The Koch surrogates who introduced the ‘abolish weekend’ law said the idea was brought to them by the Wisconsin Manufacturers and Commerce organization after they discovered that as long as minimum wage requirements were met, employers could ‘request’ that workers ‘volunteer’ to work without a day off. As an aside, Scott Walker hates

the idea of a minimum wage he thinks serves no useful purpose because his funding machine the Koch brothers hate it. The two Republicans who introduced the weekend abolition bill said they asked several businesses with employees about the law and were told that the workers wanted to work without any days off. Likely they were the same businesses that supported, and won, elimination of child labor laws in Wisconsin the Koch brothers believe are an abomination and unfair to business.

All of the anti-worker laws being enacted in Wisconsin are part and parcel of the Koch-Republican crusade to repeal all state and federal labor laws including minimum wage, overtime pay, weekends off, abolition of the Occupational Safety and Health Act (OSHA), National Labor Relations Board (NLRB), and Workers’ Compensation protection for workers injured on the job. In Oklahoma, the Chamber of Commerce, and the Koch brothers legislative arm ALEC, succeeded in fulfilling one of the Koch’s wishes and repealed workers’ compensation in the state because the Kochs and the Chamber of  Commerce claim that employers should not be penalized for imposing dangerous working conditions on their employees.

These attacks on labor are not reserved to Republican states, but that is where they originated thanks to the Koch-funded American Legislative Exchange Council. In many Republican-controlled states sick pay is under heavy assault with some even banning localities from passing a law requiring  it.  Last April in Oklahoma the governor, Mary Fallin, signed a law into effect banning cities from democratically voting to pass minimum wage increases, enact paid sick days and paid vacation requirements. Also last year at the national level, former House majority leader Eric Cantor pushed through federal legislation eliminating overtime pay that means tens-of-millions of hourly-wage workers would have had to work overtime during scheduled days off, during vacations, or after their regular shift ends without the benefit of extra pay. Republicans promoted the Draconian legislation as one of their storied “job creation bills.” Fortunately it was panned in the Democratically-controlled Senate; it will likely pass easily now that the Kochs bought control of the upper chamber for Republicans.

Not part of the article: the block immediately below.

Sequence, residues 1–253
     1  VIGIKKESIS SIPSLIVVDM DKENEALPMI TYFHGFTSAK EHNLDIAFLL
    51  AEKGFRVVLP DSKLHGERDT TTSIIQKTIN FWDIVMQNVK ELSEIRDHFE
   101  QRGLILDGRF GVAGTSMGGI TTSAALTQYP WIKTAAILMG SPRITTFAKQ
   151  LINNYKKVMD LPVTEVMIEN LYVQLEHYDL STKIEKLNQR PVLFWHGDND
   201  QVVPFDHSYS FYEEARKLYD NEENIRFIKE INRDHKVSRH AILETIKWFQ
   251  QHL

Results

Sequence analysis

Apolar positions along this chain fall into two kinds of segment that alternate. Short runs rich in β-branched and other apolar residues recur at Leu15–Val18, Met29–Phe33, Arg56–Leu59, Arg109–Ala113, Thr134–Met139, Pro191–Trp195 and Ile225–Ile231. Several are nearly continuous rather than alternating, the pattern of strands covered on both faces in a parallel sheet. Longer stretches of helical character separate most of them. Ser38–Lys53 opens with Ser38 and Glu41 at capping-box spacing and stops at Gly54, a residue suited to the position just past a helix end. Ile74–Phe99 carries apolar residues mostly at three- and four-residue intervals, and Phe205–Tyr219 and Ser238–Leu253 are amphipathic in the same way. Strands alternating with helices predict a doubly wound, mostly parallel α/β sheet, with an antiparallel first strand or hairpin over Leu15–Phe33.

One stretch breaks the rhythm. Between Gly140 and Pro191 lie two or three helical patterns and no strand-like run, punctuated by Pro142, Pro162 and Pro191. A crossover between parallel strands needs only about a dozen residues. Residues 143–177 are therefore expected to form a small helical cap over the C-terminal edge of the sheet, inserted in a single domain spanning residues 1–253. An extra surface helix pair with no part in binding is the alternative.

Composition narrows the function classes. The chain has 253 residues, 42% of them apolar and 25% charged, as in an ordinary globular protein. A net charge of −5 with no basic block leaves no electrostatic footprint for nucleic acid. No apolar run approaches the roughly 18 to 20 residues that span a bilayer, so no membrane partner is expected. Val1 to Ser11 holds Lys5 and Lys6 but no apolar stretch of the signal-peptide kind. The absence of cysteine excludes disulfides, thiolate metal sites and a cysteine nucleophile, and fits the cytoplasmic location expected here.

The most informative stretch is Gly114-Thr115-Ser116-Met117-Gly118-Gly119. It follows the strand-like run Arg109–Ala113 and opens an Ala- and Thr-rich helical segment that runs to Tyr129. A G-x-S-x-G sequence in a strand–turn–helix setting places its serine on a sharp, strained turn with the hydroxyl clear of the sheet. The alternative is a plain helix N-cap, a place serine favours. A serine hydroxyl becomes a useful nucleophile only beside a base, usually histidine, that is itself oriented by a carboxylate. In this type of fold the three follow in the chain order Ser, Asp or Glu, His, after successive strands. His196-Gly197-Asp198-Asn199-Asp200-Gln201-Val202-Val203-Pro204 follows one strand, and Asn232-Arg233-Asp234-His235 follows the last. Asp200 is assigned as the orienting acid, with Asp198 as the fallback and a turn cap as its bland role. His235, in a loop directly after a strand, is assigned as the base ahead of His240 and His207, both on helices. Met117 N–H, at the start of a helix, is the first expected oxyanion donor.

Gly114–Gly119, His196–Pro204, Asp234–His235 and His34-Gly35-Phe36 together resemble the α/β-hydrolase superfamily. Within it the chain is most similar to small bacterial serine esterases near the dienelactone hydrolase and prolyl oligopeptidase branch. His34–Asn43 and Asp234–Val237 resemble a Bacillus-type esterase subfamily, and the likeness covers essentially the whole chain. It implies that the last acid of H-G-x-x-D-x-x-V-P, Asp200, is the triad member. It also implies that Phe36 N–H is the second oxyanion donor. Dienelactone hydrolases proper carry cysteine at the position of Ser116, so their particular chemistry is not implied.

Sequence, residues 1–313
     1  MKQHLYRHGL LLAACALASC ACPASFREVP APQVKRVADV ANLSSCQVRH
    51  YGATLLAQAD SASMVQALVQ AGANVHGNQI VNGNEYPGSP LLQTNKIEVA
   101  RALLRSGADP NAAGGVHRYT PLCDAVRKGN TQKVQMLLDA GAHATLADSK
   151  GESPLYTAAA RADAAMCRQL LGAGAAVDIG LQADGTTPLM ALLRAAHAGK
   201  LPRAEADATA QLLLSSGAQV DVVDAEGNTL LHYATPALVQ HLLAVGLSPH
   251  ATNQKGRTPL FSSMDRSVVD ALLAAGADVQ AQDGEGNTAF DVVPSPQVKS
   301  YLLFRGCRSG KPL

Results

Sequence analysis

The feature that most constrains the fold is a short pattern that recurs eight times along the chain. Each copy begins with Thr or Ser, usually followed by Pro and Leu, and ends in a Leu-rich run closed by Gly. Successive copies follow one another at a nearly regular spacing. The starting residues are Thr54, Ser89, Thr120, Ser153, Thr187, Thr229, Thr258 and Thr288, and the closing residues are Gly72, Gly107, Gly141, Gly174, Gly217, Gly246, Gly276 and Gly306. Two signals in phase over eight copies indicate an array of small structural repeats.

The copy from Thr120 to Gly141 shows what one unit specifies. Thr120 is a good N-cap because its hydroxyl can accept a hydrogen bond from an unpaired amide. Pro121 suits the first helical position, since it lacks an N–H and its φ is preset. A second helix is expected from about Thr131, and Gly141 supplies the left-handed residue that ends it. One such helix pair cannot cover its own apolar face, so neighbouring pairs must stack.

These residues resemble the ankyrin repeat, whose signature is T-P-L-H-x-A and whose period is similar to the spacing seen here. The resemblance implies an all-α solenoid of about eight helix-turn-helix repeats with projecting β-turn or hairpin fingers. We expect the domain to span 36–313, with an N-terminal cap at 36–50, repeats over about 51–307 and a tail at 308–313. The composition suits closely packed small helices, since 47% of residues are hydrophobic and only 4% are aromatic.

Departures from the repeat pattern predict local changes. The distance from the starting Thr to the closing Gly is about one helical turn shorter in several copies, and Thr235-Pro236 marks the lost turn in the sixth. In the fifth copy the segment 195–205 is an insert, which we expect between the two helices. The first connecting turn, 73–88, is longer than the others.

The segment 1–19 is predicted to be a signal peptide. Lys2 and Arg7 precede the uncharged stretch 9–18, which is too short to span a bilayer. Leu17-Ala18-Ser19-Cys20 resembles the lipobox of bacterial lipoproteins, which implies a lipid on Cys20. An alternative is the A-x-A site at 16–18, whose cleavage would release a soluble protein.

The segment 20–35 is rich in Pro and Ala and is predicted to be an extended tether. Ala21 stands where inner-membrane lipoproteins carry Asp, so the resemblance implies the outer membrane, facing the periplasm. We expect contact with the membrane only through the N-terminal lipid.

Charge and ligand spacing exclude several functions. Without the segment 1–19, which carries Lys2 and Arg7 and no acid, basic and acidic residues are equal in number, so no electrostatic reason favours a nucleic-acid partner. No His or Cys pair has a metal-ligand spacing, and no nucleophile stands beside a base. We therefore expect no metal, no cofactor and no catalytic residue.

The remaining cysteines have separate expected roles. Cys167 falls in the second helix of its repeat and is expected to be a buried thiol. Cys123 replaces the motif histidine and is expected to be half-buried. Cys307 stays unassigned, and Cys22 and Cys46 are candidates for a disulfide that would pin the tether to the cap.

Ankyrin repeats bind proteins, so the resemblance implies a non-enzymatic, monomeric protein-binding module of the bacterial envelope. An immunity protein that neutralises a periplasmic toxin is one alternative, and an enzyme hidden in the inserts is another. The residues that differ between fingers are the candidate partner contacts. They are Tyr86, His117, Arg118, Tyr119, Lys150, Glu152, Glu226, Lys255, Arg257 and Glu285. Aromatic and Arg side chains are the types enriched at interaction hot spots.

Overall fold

There is no end to the assault on American workers that goes far beyond just refusing to raise the minimum wage. The experiments being conducted in Wisconsin are gifts to the Koch brothers that Republicans in Congress will begin passing as part of their free market crusade to effectively wipe out the middle class. Since 2010, Republicans have ratcheted up their claim that eliminating the minimum wage will induce industry into a hiring frenzy, but with accompanying legislation eliminating overtime pay and weekends off, not only will job creation suffer drastically, the entire workforce will become little more than slave labor which is, after all, what the New Deal put an end to for 80 years. However, for 80 years Republicans longingly sought a means to eliminate New Deal workforce protections that Ronald Reagan claimed were Fascist. Now that the Koch brothers own Congress, the real fascists are a step closer to realizing their vision of an America with no workplace protections and an entire population of slave labor.